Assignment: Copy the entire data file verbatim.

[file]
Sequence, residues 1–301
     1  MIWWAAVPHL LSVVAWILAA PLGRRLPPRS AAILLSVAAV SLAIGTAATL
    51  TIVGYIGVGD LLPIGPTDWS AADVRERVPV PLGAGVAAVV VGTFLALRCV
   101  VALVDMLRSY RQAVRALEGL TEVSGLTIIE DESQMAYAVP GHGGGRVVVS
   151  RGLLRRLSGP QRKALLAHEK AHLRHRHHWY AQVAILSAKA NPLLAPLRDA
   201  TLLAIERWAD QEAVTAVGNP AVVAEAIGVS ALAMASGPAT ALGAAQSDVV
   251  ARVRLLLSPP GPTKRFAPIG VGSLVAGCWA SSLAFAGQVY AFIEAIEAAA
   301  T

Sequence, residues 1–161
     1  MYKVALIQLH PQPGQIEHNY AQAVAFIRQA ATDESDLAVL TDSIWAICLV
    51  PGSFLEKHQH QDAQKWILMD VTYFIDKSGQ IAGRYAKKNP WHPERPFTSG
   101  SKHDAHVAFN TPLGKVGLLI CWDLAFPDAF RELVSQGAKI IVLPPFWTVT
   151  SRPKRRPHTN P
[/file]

Sequence, residues 1–301
     1  MIWWAAVPHL LSVVAWILAA PLGRRLPPRS AAILLSVAAV SLAIGTAATL
    51  TIVGYIGVGD LLPIGPTDWS AADVRERVPV PLGAGVAAVV VGTFLALRCV
   101  VALVDMLRSY RQAVRALEGL TEVSGLTIIE DESQMAYAVP GHGGGRVVVS
   151  RGLLRRLSGP QRKALLAHEK AHLRHRHHWY AQVAILSAKA NPLLAPLRDA
   201  TLLAIERWAD QEAVTAVGNP AVVAEAIGVS ALAMASGPAT ALGAAQSDVV
   251  ARVRLLLSPP GPTKRFAPIG VGSLVAGCWA SSLAFAGQVY AFIEAIEAAA
   301  T

Sequence, residues 1–161
     1  MYKVALIQLH PQPGQIEHNY AQAVAFIRQA ATDESDLAVL TDSIWAICLV
    51  PGSFLEKHQH QDAQKWILMD VTYFIDKSGQ IAGRYAKKNP WHPERPFTSG
   101  SKHDAHVAFN TPLGKVGLLI CWDLAFPDAF RELVSQGAKI IVLPPFWTVT
   151  SRPKRRPHTN P